Help and tips for dealing with depression naturally
Depression affects many people, and around 22% of men and 28% of women aged 65 years and over. It’s important to have some knowledge on how to cope with dealing with depression.
Depression varies from mild or moderate, to severe and clinical. It can affect sleeping and eating habits, as well as motivation and ability to complete daily tasks, or enjoying things that used to be enjoyed.
It is usually triggered by something. For older people, it could stem from feelings of loneliness, lack of life purpose or taking part in meaningful activities. It could be a result of reduced levels of independence, a combination of these things, or something else. Getting to the root cause of the depression can help. It may not be possible however, to get the root cause as often it’s a combination of things that may have developed over a period of time.
There is no way to fix it straight away, depression is a chemical imbalance in the brain, combined with intense feelings that need to be mended over time, or sometimes with the help of medication and therapy.
There are some natural ways for dealing with depression though, and these can help you or your older relative to get on the right track to recovery.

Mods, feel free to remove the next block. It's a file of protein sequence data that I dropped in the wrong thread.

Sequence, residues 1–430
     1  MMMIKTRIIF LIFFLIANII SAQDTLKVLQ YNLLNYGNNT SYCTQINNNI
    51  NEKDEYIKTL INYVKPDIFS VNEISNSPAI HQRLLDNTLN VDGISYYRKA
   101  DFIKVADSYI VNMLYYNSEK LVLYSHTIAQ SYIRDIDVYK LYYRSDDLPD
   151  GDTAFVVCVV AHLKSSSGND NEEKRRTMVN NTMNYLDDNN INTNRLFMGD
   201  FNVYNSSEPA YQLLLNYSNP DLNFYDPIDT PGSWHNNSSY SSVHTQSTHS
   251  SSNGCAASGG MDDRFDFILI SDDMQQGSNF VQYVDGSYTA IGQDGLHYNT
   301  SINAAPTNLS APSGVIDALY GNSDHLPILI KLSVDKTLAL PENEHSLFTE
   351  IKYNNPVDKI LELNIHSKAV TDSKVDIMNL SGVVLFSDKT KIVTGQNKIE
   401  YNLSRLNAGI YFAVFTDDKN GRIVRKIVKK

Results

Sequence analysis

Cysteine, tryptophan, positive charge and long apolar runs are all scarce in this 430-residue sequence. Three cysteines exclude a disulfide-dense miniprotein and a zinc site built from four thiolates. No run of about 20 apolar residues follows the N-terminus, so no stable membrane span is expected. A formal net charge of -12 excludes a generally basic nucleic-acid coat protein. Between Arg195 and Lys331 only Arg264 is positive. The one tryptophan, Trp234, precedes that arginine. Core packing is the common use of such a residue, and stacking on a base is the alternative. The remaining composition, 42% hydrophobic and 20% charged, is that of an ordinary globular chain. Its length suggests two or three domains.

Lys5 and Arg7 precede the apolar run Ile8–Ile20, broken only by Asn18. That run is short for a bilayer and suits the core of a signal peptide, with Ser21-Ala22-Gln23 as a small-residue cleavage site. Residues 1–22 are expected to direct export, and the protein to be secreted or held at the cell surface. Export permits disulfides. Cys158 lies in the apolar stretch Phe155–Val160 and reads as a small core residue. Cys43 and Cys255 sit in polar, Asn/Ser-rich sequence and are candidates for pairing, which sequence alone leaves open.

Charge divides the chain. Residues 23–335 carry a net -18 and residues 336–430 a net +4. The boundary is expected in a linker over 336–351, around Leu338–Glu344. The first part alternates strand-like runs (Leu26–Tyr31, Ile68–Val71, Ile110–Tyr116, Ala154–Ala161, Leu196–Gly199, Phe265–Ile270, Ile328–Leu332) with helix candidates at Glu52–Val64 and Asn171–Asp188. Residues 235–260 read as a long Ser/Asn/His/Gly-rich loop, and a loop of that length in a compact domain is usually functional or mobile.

1. Take small steps
Take each day slowly, it’s ok to not feel ok. The feelings will not last forever but while they are there acknowledge them for what they are, if there is someone to talk to about the feelings with, this will help. By taking a step by step approach, you are allowing yourself the time to recover and the time to build yourself back up again.
2. Set achievable goals
Setting small and achievable goals can help with getting through each day. Write a small list of daily goals and tick them once they are completed.
This will also provide a sense of accomplishment and something to check over time as recovery progresses. A small goal might be any of the following:
- Go for a 10 minute walk outdoors each day
- Talk to a friend or family member weekly
- Have a shower each day
- Get dressed
- Listen to music
- Read a book
These might seem like normal things that you simply get on with, however depression can stop you from being able to do them.